5. John does not have any other sources of funds he can conservatively expect to add to his retirement funds. He might win the lottery, but he's not banking on it.

As we outlined earlier, John would need a nest egg of $850,000 (in today's dollars) to fully fund his retirement goals with the peace of mind that any Social Security shortfalls won't derail his plans.

Since his current savings and investments can realistically be expected to provide only $429,200 (in today's dollars) by the time he reaches his retirement age, John will need to rely on his other funding sources to reach his retirement goal.

This leaves him needing to build additional savings of $420,800 (in today's dollars) by the time he is 65 years old. Given his annual income, John will have to make periodic contributions to his retirement fund and build it up over the next 25 years.

To calculate this, let's track his progress over the 25-year period:


Assuming the 6% annual growth rate and a constant annual contribution, we find that John needs to contribute $7,236 per year, or about $600 per month, in order to meet his retirement goal.

This is a relatively high level of ongoing contributions. While John can meet his contribution requirements given his $10,000 available annual income, he may wish to adjust his plan to leave himself more discretionary income.

John may consider revising his retirement plan so that his annual contributions are smaller. He could do this by choosing to include 50% of his estimated Social Security benefits, instead of our initial decision to assume no Social Security benefits at all. Or he may decide it's acceptable to leave only half of his retirement nest egg to his children, instead of the full $850,000. Alternatively, John could lower his required retirement income from $40,000 to, say, $35,000 and run the numbers again.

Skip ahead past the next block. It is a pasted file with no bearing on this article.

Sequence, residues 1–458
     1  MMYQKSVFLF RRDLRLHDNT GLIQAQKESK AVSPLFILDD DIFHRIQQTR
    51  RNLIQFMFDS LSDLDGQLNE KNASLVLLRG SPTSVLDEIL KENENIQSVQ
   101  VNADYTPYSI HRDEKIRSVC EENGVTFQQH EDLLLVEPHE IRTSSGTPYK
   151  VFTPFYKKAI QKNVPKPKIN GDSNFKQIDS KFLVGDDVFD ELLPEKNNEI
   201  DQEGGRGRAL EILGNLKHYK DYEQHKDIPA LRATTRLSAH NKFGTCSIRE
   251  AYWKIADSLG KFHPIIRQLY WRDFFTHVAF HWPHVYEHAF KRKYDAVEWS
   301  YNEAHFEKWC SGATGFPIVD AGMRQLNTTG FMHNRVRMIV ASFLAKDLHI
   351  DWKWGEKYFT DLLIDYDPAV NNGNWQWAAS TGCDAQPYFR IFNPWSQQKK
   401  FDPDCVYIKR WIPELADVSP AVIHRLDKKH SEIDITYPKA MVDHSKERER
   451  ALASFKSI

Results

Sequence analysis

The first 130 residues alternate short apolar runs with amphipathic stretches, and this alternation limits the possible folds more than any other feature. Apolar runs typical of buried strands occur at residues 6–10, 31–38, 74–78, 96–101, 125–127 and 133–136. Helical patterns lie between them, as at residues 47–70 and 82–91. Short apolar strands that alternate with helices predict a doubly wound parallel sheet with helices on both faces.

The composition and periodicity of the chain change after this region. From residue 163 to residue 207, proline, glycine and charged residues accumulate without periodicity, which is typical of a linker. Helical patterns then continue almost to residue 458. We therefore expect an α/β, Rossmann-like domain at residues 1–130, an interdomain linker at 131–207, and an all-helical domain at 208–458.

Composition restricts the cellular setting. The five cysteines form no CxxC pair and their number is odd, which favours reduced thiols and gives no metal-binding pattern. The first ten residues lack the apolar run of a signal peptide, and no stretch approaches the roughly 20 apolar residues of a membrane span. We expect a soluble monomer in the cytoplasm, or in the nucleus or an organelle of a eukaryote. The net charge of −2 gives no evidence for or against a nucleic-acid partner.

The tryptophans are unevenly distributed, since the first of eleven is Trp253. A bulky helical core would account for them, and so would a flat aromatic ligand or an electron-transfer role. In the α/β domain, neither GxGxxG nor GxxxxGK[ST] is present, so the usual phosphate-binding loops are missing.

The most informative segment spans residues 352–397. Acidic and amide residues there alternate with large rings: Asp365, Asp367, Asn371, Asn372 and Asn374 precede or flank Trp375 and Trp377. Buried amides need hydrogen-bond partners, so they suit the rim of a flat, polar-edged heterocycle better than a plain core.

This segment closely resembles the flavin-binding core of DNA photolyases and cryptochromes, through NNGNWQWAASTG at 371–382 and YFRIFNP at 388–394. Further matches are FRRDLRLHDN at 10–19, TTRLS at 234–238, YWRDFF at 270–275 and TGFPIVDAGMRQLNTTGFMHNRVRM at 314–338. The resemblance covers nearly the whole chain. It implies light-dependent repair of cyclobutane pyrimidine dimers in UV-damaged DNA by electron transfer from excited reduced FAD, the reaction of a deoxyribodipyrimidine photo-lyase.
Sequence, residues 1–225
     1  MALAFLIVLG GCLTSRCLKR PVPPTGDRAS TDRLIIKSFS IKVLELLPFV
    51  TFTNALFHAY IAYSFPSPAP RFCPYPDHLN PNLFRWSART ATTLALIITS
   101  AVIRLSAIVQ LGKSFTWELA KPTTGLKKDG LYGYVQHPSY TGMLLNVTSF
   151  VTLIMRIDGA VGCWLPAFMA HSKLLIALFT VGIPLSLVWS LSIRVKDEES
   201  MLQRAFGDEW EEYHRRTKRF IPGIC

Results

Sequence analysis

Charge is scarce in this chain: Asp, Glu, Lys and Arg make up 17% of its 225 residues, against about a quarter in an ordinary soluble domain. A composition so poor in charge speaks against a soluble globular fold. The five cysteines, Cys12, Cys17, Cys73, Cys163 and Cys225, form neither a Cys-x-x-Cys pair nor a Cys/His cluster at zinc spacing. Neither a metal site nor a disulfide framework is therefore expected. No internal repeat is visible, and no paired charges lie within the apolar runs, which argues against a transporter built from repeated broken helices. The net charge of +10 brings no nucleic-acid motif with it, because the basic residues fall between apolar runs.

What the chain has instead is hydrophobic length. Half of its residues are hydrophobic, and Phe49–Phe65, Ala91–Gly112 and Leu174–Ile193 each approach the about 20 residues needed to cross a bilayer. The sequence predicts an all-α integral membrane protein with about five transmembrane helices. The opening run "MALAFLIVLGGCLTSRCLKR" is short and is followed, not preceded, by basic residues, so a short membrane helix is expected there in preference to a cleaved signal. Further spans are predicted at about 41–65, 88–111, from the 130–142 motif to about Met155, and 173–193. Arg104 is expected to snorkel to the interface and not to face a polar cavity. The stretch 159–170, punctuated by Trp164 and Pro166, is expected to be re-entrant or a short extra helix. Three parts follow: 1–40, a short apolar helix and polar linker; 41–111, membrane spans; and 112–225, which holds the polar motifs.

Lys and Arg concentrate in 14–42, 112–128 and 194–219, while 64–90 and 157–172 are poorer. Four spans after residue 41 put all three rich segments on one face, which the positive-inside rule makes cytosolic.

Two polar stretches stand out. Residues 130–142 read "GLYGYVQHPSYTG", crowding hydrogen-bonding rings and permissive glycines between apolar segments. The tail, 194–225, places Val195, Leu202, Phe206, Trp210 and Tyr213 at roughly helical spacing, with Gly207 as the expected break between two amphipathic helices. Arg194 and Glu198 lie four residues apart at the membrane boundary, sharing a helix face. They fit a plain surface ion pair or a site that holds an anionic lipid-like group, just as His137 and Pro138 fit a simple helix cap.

Any of these options would allow him to lower his monthly contribution amounts to a more manageable level. At the end of the day, it's important that whatever retirement plan you devise for yourself, you are able to stick to it. If your plan will require large monthly contributions, it's unlikely you'll be able to stick to it over the long term in order to make it work.

In John's case, another entirely reasonable solution to his plan would be to work part-time during his retirement years. By adding even $12,000 of annual retirement income, John's financial picture would change substantially and his required annual contributions would be lowered considerably.

The key is to remain conservative in your financial estimates (i.e., don't assume 20% annual investment returns or large inheritances from your parents) and settle on a plan that is feasible and sufficient for your needs.

Retirement Planning: Building a Nest Egg